I think this is the part of the article where I mention something about Mets starting pitching, and then something else about elbow injuries. Let’s check those two boxes right from the gate, and talk about how boring any, and all homegrown Mets hitters are. When was the last time the Mets produced a bat that wasn’t kind of boring? David Wright? Jose Reyes? Okay, okay Michael Conforto is exciting, but often for the wrong reasons. Like “I’m freaking excited to not own Michael Conforto any longer.” That was you after April 30th. The problem is none of the upcoming bats have first round fantasy upside. Nevertheless, the divide between pitching talent and hitting talent is never so evident as it is at the major league level. The lineup is littered with talent acquired in trades and free agent mercenaries. While the rotation runs 7 deep with major league starters from within the organization. The stats bear this out too, as good as the Mets were at preventing runs (ranking third in 2016 in team ERA), were as bad as they were at scoring them (ranking 25th in runs scored). Maybe some of that’s park aided or maybe some of it’s talent. While the light (and I use that term lightly) at the end of the tunnel, is still more than likely a year or two away, there are some bats progressing through the system that should be on fantasy owners radar’s. Players like Amed Rosario, Dominic Smith, and Brandon Nimmo all offer fantasy impact (to varying degrees) in the next two years. However, true to form the best talent lies in the pitching ranks, with the highest upside prospects coming in the form of pitchers like Justin Dunn and Thomas Szapucki. I certainly wouldn’t rank Amazin’s system in the top 10, but they’re in the top half, and that’s better than being the Marlins. Enough of the lead-in, hop into the post, and learn why I’m moderately enthused about the Top New York Mets Prospects.Please, blog, may I have some more?
New year, new Halph! Not that different from the old Halph, but Halph nevertheless. This week’s episode involves us delving into a duo of systems in the Mets and the Twins, with plenty of the typical mindless banter for good measure. We crush on Thomas Szupucki together, and figure out where Rosario slots in among the elite shortstop prospects. Over the course of the show we come to a pair of conclusions that Amazin’ has an underrated system, and that the Twins have 4 prospects. Seriously, 4. Maybe 5, could be a stretch. There’s a lot of pitching prospect talk on this one, but knowing top Mets prospect pitchers is to love them. Amirite? Yeah, you’re nodding your head, it’s cool. So grab a cold one, or a hot one, and tune into the latest episode of the Razzball prospect podcast.Please, blog, may I have some more?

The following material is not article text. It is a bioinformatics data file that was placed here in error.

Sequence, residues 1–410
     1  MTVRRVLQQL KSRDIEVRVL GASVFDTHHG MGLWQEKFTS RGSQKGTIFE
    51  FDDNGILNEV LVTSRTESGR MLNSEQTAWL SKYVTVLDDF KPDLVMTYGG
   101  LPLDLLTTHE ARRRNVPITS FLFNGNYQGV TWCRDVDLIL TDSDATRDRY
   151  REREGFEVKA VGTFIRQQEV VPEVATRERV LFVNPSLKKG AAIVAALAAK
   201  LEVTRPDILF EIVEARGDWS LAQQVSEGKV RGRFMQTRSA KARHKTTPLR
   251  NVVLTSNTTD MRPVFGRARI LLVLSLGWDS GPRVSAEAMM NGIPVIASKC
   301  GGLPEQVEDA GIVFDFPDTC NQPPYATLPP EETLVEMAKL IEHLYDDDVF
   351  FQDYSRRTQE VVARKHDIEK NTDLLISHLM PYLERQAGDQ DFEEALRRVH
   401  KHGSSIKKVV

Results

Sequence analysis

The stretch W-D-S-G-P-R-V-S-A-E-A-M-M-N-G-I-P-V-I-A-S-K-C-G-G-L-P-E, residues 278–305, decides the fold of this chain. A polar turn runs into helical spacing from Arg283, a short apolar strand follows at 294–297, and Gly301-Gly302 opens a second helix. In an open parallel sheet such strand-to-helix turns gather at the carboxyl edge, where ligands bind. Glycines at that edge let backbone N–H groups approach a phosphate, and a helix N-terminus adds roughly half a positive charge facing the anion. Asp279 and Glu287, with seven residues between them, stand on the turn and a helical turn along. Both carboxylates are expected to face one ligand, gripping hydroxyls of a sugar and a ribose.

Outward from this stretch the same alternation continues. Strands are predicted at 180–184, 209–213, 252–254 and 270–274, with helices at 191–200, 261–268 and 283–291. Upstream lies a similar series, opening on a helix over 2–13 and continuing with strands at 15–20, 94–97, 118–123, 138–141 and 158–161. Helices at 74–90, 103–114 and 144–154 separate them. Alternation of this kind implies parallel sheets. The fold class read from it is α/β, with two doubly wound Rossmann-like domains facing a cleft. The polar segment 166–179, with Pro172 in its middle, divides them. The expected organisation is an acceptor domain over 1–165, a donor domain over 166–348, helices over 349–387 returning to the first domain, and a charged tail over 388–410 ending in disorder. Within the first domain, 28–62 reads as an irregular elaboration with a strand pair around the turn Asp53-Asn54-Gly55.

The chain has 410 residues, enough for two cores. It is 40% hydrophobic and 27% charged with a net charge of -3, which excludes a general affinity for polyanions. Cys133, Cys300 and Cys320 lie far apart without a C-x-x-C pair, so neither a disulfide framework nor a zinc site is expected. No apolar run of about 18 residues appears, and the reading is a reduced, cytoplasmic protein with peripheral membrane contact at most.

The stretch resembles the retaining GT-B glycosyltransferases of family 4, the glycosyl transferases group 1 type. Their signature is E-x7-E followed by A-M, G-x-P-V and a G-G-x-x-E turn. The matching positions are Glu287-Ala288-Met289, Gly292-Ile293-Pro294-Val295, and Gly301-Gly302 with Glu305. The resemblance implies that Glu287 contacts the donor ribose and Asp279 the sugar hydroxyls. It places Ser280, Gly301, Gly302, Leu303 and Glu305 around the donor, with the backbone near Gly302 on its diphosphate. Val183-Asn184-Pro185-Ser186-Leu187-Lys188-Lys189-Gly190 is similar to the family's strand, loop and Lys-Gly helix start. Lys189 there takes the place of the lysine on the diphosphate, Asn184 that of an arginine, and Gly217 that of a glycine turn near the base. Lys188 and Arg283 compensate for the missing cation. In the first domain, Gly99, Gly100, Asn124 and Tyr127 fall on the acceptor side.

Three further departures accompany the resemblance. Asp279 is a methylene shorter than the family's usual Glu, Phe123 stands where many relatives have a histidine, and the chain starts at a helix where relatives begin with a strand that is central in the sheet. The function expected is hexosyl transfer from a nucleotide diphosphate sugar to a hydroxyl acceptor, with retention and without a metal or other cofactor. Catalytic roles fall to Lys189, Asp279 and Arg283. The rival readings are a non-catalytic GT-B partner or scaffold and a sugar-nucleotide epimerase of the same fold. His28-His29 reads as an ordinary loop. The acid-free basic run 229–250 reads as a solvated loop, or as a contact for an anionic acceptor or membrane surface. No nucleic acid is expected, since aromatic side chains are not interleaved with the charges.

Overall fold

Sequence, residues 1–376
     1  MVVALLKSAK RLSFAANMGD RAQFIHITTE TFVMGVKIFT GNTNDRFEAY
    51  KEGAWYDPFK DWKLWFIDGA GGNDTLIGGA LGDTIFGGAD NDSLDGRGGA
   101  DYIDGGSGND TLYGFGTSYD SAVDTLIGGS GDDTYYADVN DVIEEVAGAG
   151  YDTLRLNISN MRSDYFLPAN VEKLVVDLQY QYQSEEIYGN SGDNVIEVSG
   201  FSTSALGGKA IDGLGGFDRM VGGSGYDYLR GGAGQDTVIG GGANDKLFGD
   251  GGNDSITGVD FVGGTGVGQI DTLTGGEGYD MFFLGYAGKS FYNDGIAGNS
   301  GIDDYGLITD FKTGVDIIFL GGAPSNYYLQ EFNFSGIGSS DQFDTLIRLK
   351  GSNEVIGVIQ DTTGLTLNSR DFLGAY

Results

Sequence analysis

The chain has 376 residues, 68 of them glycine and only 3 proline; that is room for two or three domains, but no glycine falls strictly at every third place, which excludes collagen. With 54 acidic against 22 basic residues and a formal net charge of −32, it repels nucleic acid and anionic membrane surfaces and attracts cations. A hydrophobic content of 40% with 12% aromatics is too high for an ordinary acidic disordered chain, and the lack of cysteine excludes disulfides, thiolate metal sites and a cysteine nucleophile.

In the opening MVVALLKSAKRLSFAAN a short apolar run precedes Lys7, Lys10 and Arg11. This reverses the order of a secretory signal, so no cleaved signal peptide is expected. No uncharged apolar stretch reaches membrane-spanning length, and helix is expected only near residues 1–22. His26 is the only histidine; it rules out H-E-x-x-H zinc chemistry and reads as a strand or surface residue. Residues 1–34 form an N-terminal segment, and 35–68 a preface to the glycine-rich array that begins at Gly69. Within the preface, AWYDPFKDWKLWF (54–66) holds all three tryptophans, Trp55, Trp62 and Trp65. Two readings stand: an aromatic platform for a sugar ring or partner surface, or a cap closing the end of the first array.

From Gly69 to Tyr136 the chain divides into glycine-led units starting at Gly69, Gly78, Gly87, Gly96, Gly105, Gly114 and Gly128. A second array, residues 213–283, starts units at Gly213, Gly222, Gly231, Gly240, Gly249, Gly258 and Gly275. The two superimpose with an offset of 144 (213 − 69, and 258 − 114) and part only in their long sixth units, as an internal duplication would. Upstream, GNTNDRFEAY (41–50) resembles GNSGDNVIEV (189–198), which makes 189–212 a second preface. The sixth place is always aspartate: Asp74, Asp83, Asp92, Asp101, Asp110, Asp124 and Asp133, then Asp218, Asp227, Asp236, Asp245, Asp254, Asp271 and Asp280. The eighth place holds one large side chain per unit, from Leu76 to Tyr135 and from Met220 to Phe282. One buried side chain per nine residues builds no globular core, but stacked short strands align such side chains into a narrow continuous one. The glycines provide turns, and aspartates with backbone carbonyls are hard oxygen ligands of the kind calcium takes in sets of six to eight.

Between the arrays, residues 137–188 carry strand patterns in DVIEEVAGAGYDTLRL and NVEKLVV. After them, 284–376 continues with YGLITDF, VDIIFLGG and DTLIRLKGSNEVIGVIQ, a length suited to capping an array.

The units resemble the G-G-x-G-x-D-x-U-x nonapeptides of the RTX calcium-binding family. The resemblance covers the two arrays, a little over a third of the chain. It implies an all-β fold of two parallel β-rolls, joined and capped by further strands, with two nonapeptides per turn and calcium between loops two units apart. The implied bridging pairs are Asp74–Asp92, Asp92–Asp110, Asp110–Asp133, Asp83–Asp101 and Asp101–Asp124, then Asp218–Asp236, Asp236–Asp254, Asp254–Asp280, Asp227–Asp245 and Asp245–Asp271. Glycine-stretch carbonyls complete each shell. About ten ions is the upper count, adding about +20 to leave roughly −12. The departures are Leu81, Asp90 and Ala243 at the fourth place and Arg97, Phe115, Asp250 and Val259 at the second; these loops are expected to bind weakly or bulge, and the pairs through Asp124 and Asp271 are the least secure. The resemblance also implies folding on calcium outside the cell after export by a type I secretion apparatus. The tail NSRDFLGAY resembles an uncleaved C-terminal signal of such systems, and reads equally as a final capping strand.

This marks my 100th post here at the Razzball baseball blog and I must say how thankful I am that I have a home at a blog where I can provide below average fantasy baseball analysis while referencing Jules Verne, Scientology, Jon Snuh and ayahuasca all in the same post. It’s been a wild couple a years and I outlasted many a writer I didn’t think I’d outlast. Remember when the Guru disappeared in a van? Remember Razzball TV on the Radio? And what ever happened to Kenyon!? That guy was hilarious. I remember when Grey first found me. I was trying to get my Harry Potter erotica/fan fiction off the ground and writing signs for homeless people to make a quick buck. “Why Lie I Need A Beer,” ever see that one? Yep, that’s a Dan Pants original. Grey said he could use my talents to express undying love for shortstops named Xander and tell people they shouldn’t own two catchers. The rest is history, folks. Special thanks to Grey, Rudy, and Jay. Not Tehol though–[expletive deleted] that guy. But enough about me, you’re here for the sub-par fantasy advice. The New York Mets (lol, Joakim Noah!) called up rookie Brandon Nimmo last Sunday and after going 0-for-4 in his debut, he’s hit safely in his past five games. He’s led off for NY the past two games and responded in a big way last night going 2-for-3 with a 3-run home run (a 440 foot shot). Curtis Granderson remains hobbled and with Michael Conforto “working things out” in the minors Brandon has been given an opportunity to shine at the top of the order. He slashed .328/.409/.508 with five homers and five steals in 63 games AAA this year. If you are looking for an outfielder in NL-Only and deeper mixed leagues you might consider finding Nimmo on your waiver wire.
Here’s what else happened in fantasy baseball Friday night:Please, blog, may I have some more?